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In Metal on iOS the default colorPixelFormat is bgra8Unorm. When I change format to rgba16Float all imagery brightens. Why?

An example:

Artwork

enter image description here

MTKView with format bgra8Unorm. Texture-mapped quad. Texture created with SRGB=false.

enter image description here

MTKView with format rgba16Float. Texture-mapped quad. Texture created with SRGB=false.

enter image description here

Why is everything brighter with rgba16Float. My understanding is that SRGB=false implies that no gamma correction is done when importing artwork. The assumption is the artwork has no gamma applied.

What is going on here?

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  • You'll need to tell us what the data you're sending to the texture is. How do you convert it from 8bpp to 16bpp? Are you sending it as half float? Jan 22 '19 at 4:28
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    Can you load the image data as sRGB and then capture it into a texture that is explicitly marked as sRGB? I would be willing to bet that the problem is not representing the value as linear float but actually the data is not being treated as sRGB all the way through your processing pipeline. Typically your input pixels would be sRGB so it is important to treat them as such in your pipeline. If your input is stored as sRGB pixel then your processing must remove the gamma correction when converting these values to linear, this is likely what is missing in your approach.
    – MoDJ
    Jan 23 '19 at 21:08
  • MoDJ thanks for the insight. However, that does not address the fact that the background grey color is now brighter. In fact I did a test by applying a gamma function to the grey and it looks like the grey seen in the bgra8Unorm example. Why would that happen?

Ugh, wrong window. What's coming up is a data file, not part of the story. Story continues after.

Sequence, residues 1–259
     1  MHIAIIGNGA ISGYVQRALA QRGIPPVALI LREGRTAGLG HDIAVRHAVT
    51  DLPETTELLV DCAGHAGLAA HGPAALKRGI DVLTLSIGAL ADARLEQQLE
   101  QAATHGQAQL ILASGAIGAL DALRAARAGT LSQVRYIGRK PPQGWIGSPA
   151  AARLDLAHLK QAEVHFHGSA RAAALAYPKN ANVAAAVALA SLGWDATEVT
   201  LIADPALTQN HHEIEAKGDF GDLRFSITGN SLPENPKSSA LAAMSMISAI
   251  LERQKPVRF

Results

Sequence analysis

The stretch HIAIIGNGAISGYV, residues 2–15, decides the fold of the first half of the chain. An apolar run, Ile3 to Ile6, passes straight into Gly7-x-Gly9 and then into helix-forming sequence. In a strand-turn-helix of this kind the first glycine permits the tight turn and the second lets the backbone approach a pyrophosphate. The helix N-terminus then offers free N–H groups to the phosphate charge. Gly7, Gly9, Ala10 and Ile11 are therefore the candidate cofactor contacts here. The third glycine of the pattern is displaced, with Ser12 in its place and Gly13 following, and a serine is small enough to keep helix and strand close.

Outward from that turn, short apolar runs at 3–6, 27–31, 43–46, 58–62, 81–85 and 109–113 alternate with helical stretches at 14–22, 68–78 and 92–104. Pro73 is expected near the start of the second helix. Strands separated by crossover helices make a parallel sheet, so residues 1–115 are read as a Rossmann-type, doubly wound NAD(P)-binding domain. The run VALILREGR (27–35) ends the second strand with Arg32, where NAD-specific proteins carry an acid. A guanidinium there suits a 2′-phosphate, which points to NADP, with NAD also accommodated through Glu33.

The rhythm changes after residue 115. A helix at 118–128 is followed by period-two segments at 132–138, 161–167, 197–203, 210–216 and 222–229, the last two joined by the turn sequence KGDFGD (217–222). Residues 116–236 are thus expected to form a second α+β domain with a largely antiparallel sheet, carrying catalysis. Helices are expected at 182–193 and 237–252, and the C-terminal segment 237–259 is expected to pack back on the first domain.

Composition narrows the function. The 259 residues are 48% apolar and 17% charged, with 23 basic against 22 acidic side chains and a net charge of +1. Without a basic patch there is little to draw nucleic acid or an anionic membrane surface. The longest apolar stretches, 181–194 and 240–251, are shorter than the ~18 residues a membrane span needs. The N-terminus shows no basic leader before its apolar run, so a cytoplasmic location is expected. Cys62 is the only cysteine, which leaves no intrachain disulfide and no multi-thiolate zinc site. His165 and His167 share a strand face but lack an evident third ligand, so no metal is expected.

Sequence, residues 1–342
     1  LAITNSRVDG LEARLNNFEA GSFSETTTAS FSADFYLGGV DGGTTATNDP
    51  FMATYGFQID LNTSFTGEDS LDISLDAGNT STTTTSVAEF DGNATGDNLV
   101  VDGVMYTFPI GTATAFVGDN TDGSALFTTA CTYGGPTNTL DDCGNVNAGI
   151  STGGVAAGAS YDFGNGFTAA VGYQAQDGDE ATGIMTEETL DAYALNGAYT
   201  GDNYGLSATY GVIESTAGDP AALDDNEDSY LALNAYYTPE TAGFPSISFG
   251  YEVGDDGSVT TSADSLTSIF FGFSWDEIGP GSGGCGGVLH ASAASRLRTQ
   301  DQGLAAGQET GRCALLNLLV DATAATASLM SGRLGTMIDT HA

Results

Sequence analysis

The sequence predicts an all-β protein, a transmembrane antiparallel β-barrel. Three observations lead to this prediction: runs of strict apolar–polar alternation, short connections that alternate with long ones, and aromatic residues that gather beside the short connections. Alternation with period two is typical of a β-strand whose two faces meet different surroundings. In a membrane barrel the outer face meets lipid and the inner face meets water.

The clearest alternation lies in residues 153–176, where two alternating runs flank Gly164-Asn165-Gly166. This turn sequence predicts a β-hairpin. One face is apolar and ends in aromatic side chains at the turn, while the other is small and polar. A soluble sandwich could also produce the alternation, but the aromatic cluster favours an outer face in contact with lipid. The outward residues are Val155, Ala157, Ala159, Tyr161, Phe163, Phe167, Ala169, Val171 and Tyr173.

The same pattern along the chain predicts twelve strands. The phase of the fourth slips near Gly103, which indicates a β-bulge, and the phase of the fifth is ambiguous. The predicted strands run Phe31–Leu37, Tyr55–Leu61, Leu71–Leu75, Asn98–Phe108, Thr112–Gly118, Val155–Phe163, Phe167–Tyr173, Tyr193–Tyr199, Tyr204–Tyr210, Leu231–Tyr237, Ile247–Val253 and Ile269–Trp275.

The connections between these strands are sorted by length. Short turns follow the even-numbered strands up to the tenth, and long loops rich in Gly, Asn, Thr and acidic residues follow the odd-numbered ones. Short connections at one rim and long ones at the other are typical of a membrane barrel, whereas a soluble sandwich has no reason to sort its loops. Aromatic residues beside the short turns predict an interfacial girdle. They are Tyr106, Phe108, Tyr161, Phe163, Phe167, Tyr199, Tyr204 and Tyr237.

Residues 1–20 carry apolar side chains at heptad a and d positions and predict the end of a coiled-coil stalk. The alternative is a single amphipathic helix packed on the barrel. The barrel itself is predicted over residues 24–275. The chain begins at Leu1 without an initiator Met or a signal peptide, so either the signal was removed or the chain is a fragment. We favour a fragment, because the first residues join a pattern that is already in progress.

– dugla
    Jan 24 '19 at 14:29
  • When you take a gamma corrected image and incorrectly display it as linear, the result will be much "brighter" because the dark colors are not being adjusted down to their original "darker" values. This is why I am suggesting that you focus on your import path so that the original input sRGB values can be verified to be correct before you expand the values into 16 bit float in linear space.
    – MoDJ
    Jan 24 '19 at 18:31
  • Ahh, I wasn't clear. The background grey is set as a color and is not part of the texture. That is a bit confusing. The texture is actually the 3x3 grid of figures with a transparent background. The color seen was set in my MTKView subclass as clearColor = MTLClearColor(red: .5, green: .5, blue: .5, alpha: 1.0). That produced the lighter then expected background. Using clearColor = MTLClearColor(red: value, green: value, blue: value, alpha: 1.0) where value is pow(0.5, 2.2) creates the darker - gamma'ed - grey.
    – dugla
    Jan 24 '19 at 21:38
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If your artwork has a gamma (it does per the first image you uploaded), you have to convert it to a linear gamma if you want to use it in a linear space.

What is happening here is you are displaying gamma encoded values of the image in a linear workspace, without using color management or transform to convert those values.

BUT: Reading some of your comments, is the texture not an image but an .svg?? Did you convert your color values to linear space?

Here's the thing: RGB values are meaningless numbers unless you define how those RGB values relate to a given space.